RITA FADEN (Portugal) said that the “identification of customary international law” should be looked at in terms of the dynamics between practice and opino juris. The most difficult theoretical question was the importance to be assigned to opino juris in that equation. Opino juris should be studied without regard to the relevance of “subjectivity’ in international law. The examination of “general practice” should be contemporary and reflective of differences from the world’s regions. Caution should be taken in assessing State practice since only a few States could provide a precise repertoire of practice. As well, the practice of international organizations was relevant.
On “protection of the environment in relation to armed conflicts”, she cited the Rio Declaration, pointing out that peace, development and environmental protection were interdependent and indivisible. Agreeing with the temporal approach to the topic, she said that Phase II was most important. If existing legal obligations were insufficient, the Commission should consider embarking on a progressive development exercise. Furthermore, non-international conflicts should be included in the scope of the topic; a UNEP report on the issue had suggested “`that at least 40 per cent of all intrastate conflicts over the last 60 years have a link to natural resources’”. She also expressed support for the inclusion of human rights as part of the topic.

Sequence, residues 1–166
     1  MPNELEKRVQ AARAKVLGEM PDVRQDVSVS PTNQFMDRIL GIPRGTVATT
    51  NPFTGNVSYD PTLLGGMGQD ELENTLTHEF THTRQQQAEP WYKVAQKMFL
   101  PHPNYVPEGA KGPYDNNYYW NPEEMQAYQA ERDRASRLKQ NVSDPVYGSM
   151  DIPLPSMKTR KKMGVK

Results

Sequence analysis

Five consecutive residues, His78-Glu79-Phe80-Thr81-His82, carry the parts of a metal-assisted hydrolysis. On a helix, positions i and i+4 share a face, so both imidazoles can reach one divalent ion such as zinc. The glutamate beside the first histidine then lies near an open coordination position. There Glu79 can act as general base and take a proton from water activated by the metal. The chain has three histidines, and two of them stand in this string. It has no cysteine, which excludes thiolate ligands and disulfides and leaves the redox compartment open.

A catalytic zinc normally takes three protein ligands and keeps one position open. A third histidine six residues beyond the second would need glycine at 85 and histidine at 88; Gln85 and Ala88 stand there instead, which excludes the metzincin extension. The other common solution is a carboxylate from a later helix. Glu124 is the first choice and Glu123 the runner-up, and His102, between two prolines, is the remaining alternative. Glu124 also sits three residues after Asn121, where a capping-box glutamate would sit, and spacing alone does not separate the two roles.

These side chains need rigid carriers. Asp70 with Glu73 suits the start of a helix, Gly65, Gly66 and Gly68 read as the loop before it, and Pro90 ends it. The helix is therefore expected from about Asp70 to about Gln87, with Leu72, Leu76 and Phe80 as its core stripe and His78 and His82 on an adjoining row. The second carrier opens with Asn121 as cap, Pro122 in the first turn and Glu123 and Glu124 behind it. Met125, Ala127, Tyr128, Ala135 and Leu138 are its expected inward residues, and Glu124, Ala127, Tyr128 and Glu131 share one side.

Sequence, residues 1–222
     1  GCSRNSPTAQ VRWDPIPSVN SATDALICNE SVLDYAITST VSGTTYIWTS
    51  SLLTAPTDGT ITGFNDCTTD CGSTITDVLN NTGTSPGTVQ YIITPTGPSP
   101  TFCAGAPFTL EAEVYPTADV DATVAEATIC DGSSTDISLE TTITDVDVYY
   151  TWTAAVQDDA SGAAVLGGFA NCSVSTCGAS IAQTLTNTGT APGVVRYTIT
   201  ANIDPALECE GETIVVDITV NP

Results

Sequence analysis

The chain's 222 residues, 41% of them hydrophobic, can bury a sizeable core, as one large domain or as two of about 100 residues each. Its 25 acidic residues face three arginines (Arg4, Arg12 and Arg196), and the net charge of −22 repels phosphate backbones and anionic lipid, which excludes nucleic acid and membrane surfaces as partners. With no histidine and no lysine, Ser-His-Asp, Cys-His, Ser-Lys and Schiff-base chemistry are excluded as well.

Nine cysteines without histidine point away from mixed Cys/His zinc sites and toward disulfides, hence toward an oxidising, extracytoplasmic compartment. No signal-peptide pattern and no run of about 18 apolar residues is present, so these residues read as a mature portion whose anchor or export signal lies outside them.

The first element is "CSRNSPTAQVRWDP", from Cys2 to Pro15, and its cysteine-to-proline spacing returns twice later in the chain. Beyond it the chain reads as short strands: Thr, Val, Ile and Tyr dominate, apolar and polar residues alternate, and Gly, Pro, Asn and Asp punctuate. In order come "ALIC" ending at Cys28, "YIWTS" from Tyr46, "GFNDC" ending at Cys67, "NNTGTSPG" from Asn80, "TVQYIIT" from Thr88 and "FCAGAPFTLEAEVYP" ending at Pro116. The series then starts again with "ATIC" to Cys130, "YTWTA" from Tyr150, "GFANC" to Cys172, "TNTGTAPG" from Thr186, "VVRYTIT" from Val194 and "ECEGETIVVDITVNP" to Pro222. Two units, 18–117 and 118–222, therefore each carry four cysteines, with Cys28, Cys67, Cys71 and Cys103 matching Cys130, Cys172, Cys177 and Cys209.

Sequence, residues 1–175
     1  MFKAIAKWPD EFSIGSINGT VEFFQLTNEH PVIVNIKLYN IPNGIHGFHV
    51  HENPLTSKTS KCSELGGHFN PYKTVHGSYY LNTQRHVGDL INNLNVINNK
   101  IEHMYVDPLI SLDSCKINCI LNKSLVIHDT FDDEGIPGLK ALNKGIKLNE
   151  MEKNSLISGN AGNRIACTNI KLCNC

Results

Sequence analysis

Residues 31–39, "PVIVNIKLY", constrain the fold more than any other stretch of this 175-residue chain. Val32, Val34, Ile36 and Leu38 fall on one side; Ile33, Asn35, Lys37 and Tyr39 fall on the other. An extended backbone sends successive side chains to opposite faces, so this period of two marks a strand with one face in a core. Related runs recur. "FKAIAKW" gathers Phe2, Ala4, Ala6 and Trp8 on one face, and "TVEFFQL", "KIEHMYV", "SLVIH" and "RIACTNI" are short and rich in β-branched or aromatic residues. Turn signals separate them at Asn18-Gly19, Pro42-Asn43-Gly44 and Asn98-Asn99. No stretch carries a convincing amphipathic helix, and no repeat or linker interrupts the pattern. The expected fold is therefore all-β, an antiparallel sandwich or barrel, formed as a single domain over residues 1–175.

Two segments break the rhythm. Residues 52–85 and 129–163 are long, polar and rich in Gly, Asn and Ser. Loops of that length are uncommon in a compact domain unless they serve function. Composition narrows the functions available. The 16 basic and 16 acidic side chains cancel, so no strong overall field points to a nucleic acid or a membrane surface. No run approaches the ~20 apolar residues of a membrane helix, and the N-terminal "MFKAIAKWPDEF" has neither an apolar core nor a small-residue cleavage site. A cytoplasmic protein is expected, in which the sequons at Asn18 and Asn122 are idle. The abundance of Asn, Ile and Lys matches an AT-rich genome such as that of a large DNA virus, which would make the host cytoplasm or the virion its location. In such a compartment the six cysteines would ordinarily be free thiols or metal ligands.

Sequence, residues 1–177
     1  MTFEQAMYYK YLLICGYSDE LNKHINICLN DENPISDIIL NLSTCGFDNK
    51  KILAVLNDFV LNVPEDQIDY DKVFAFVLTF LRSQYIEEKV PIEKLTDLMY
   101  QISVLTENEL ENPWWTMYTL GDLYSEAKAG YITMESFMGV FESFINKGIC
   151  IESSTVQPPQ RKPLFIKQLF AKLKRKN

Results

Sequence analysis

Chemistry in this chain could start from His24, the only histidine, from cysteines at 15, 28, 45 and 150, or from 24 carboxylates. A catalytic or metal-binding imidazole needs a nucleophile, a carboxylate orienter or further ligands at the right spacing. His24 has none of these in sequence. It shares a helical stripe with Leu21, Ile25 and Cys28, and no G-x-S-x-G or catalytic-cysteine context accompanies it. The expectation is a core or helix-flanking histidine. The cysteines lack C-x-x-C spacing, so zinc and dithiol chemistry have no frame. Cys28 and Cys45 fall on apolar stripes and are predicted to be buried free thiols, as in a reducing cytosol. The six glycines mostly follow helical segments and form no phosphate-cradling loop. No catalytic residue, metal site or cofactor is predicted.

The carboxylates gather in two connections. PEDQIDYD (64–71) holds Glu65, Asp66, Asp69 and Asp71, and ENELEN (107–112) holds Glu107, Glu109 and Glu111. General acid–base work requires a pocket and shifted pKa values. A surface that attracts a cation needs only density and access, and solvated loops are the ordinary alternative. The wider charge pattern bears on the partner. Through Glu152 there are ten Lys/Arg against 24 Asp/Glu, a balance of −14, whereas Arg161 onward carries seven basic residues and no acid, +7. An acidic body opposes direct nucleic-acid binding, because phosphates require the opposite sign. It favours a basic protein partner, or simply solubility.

Turning to the “provisional application of treaties”, she agreed that such application gave rise to legal obligations, pointing out that it was common treaty practice to include a clause making provisional application dependent on its compatibility with domestic law. Therefore, both parts of the equation should be studied. The Commission should also consider the legal regime on the provisional application of treaties between States and international organizations.
Pointing out that there were different understandings on the correct interpretation of the “Most-Favoured-Nation clause”, she said the survey the Commission had conducted on the various trends and approaches to interpreting the clause was already a good outcome. “There is a limit to the degree of harmonization and uniformity that one can expect when it comes to the interpretation of MFN clauses,” she said, adding “[a] forced [uniformity] of practice and jurisprudence without any support in practice could result in a solution devoid of content.”
PAUL SCULLION (United Kingdom) voiced support for the “two-elements” approach to “identification of customary international law”, which assessed State practice and opinion juris. The topic should not cover jus cogens in detail, as that was a separate question. The outcome of work on the topic should be essentially practical in nature, in line with the Commission’s intention, and should take the form of conclusions with commentaries that would serve as tools for judges and practitioners.